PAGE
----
The broad-band comb filter effect, associated with horn-honk, is created by reflection, and summation of delayed signals, which are added back into the primary acoustic output of the horn (with alternating polarity). The delay & addition of any broad-band signal with itself creates a comb filtering effect, which on a log scale amplitude plot appears as a sinusoidal ripple in an otherwise smooth response. The period of this sinusoidal pattern is related to the time delay of the reflection according to the equations:

Time period = 1 / frequency
(This period is measured between peaks on a linear frequency scale spectral graph).

The comb filtering effect can be band limited in the case where the internal reflections are not broad band. In Tractrix or Exponential horns, the higher frequencies beam down the center of the horn, and do not diffract or reflect from the mouth edge, and so the response ripples will be limited to the lower octaves of the horn bandwidth (which is in the human voice range, where we are quite sensitive). In the case of CD horns, if the mouth has some form of flair, or radius, the high frequencies will be presented with a better acoustic impedance match, thus limiting the reflections to the lower octaves, similar to Tractrix and exponential horns. The reflection induced ripples in the horn frequency response have the same root cause as the impedance bumps which might be observed in the first octave or two above cutoff, these are attributed to improper mouth dimension for a given flare rate."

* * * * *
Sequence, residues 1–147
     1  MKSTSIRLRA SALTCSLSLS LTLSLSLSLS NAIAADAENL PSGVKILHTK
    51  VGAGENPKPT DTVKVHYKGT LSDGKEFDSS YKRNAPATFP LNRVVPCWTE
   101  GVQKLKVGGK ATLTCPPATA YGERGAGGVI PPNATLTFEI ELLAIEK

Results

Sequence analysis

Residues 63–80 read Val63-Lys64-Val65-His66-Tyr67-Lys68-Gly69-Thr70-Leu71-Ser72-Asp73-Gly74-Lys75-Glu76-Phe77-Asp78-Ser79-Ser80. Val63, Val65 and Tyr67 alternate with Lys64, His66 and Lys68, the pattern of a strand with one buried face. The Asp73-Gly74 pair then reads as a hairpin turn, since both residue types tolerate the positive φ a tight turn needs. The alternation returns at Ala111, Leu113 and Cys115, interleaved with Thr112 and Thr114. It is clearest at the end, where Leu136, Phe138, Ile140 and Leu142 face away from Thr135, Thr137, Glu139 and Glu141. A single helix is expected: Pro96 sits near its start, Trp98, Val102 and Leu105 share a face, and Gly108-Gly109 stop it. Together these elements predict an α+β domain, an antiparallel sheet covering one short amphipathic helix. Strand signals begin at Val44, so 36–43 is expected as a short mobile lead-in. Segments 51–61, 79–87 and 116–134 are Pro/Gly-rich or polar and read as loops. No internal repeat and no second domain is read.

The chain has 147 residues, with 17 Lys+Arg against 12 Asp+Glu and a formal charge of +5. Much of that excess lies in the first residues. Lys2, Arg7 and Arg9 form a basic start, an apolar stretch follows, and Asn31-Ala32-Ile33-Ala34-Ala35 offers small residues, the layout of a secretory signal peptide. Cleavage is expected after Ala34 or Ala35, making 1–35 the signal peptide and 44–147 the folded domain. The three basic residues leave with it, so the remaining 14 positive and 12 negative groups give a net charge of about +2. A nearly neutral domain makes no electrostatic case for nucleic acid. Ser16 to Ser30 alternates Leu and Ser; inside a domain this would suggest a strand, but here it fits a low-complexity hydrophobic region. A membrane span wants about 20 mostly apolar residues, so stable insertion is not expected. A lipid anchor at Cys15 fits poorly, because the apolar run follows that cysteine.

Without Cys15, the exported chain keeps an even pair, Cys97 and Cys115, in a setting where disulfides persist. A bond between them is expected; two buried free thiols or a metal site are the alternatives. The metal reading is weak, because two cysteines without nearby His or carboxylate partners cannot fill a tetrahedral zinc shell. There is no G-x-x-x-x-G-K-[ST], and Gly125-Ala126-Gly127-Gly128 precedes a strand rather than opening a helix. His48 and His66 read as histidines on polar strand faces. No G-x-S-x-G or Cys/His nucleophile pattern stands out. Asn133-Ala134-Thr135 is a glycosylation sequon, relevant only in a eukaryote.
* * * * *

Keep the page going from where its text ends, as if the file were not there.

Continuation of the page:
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Old 19th June 2007, 05:15 AM   #1116
gedlee is offline gedlee  United States
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If I might suggest, the approach that I always take is to specify the objective, then see what of the alternatives best meet the objectives. It sounds to me like this thread has decided that "OB is the design, now whats the objective".

I have looked at OB several times with the idea to see if and how it meets the objectives. Every time I come up with one or more problems that seem to outweigh the advantages.